The Pak Banker : 2020-09-24

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FRONT PAGE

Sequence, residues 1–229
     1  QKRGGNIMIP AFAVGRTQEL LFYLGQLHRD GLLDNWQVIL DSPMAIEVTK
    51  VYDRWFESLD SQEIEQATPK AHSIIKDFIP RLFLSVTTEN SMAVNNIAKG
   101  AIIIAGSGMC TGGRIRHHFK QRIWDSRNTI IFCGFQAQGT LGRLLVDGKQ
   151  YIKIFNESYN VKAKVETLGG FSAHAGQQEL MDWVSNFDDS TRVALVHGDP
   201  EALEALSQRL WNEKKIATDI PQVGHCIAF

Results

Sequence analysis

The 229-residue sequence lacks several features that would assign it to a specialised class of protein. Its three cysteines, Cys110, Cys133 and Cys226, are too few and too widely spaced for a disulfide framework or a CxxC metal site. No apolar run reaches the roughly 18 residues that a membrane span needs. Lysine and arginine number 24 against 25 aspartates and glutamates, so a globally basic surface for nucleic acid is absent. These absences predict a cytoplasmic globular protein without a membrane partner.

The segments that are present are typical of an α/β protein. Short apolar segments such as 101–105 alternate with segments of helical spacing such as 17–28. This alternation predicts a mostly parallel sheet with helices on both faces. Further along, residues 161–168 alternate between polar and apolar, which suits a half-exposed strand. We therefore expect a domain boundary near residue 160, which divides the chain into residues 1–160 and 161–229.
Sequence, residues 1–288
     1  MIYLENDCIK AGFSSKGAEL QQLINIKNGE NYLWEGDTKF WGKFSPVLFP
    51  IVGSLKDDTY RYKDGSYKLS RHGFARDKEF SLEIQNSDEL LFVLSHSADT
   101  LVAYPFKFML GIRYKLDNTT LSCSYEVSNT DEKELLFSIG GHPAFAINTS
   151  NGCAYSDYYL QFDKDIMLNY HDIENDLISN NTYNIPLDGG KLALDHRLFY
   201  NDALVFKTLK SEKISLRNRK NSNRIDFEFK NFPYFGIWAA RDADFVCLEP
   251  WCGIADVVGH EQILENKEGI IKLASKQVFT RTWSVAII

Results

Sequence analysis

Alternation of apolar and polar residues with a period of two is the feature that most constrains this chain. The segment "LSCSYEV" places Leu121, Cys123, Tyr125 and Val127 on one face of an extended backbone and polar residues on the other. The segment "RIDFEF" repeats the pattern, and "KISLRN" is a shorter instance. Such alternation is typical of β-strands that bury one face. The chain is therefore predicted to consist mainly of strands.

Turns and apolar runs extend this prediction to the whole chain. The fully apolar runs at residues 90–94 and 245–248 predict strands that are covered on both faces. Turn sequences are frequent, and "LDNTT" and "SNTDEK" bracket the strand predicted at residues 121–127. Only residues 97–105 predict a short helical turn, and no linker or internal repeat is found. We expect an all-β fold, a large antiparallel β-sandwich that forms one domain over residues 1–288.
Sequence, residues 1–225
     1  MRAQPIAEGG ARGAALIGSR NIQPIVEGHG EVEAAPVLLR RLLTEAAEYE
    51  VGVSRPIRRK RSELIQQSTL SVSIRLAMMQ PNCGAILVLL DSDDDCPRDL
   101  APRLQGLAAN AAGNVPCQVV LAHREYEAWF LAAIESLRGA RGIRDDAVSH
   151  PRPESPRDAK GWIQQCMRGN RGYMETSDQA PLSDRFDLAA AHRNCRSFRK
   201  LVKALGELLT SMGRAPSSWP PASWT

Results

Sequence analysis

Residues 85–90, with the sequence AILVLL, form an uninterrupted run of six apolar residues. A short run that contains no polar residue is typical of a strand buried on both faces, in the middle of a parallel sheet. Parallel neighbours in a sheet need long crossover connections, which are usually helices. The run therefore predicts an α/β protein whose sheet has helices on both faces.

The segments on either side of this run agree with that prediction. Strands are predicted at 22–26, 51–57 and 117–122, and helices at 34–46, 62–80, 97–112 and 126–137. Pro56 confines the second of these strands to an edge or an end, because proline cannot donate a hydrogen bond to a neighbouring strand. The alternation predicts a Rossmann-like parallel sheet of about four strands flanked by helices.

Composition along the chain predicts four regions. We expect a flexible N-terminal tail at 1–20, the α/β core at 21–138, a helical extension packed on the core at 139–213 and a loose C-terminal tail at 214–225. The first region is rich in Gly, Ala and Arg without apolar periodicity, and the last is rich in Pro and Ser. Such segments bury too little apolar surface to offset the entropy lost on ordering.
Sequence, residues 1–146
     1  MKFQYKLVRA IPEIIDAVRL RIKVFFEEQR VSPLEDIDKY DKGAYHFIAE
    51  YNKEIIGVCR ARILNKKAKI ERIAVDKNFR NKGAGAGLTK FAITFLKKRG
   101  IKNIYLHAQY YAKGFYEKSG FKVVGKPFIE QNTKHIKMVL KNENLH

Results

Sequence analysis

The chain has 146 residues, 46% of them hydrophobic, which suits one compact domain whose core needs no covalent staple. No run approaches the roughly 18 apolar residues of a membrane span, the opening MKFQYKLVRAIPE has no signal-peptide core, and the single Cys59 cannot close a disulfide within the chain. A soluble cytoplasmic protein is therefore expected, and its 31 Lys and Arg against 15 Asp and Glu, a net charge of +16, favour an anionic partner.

http// pakbanker. com. pk World’s Second & Pakistan’s First Banking Daily Lahore THURSDAY, SEPTEMBER 24, 2020 Rs 15.00 | Pages 8 Lahore | Karachi | Islamabad ABC Certified | Member APNS Editor- in- Chief: Ajmal Shah Din Citigroup's bank head in India to leave WASHINGTON: Citigroup Inc.'s head of consumer banking in India, Shinjini Kumar, plans to step down from her role after three years with the U.S. bank. Kumar, 53, who handled Citigroup's consumer businesses across India, including retail banking, wealth management, credit cards and mortgages, will leave at the end of September, according to a representa­tive for the bank. Kumar joined Citigroup in India in June 2017 from fintech firm Paytm Mobile Solutions Pvt Ltd., where she was the chief executive officer of Paytm Payments Bank. She also spent 17 years working at the Reserve Bank of India handling foreign direct investment­s, as well as the supervisio­n of banks and shadow lenders. -AP Stablecoin pays interests like a bank LONDON: OUSD was recently launched. It automatica­lly makes you earn competitiv­e yields from DeFi protocols, while still sitting in your wallet. OUSD is a natural extension of Origin's mission in facilitati­ng peer-to-peer commerce. It believes in having a trustworth­y stablecoin that leverages the best parts of decentrali­zed finance by enabling buyers and sellers to transact with ease and trigger the growth of a decentrali­zed commerce platform. It is built by seasoned experts of cryptocurr­ency and fintech experts at Origin Protocol. Similarly, you don't need to unstake or unlock your OUSD when you want to transfer it to another wallet. This both saves you gas fees and makes it much more convenient to switch between earnings and spendings. Your earnings compound continuous­ly and are revealed in your ever-increasing OUSD balance, while still being available for payments, commerce, and peerto-peer transactio­ns. The creators are taking a more cautious strategy for the first few weeks in ensuring that the smart contracts are secured and safe. Thereafter, new strategies will be momentaril­y deployed that boost yields while curbing risk and dependenci­es. It is planned to directly integrate with Uniswap, Curve, Compound, Aave, dYdX, and Balancer. However, Nairametri­cs, advises on caution as the OUSD contracts have not yet been formally audited, though it shows great promise of security and transparen­cy, coupled with the bias that it has household names of cryptos behind the project. Stablecoin­s are cryptocurr­encies created to minimize the price swings that occur in a crypto asset. They are usually pegged to fiat currencies and often exchange-traded commoditie­s. Stablecoin­s give owners a sense of security as users can store their assets whenever there is high volatility in the crypto-verse or other financial markets. -REUTERS NZ bank holds rates, hints at further easing WELLINGTON: New Zealand's central bank held its official cash rate at a record low on Wednesday but hinted at further easing and warned the economy may need support for a long time as the world grapples with the coronaviru­s pandemic. The decision to hold the Official Cash Rate (OCR) at 0.25% was in line with the unanimous expectatio­ns of economists in a Reuters poll. However, the RBNZ's warning of job losses and business closures in its commentary cemented expectatio­ns that it would move to negative rates, which sent the New Zealand dollar down 0.3%. "The Reserve Bank of New Zealand continued to set the stage for negative rates today and we think the OCR will be cut into negative territory early next year," said Ben Udy, analyst at Capital Economics. The bank also retained its large scale asset purchase (LSAP) programme at NZ$100 billion ($66.2 billion), as announced in August. The RBNZ said in its statement that further stimulus may be needed and that it was prepared to use additional tools like a Funding for Lending Programme (FLP), a negative OCR, and purchases of foreign assets. "Members agreed that monetary policy will need to provide significan­t economic support for a long time to come to meet the inflation and employment remit, and promote financial stability," RBNZ said in a post-meeting statement. The central bank said the FLP, a lowinteres­t loan programme for banks, would be ready before the end of this year. The dovish meeting comes as expectatio­ns grow that neighbouri­ng Australia may also need to cut interest rates as soon as next month. The RBNZ stunned markets earlier this year with a 75 basis point cut in an emergency meeting in March as COVID-19 broke out across New Zealand. New Zealand fell into its deepest economic recession on record in the second quarter, data showed last week, although the contractio­n was slightly less severe than analysts had expected. The RBNZ said the ongoing virus-led activity restrictio­ns, especially during a second wave of infections in Auckland, continued to dampen economic activity, and business and consumer confidence. -REUTERS

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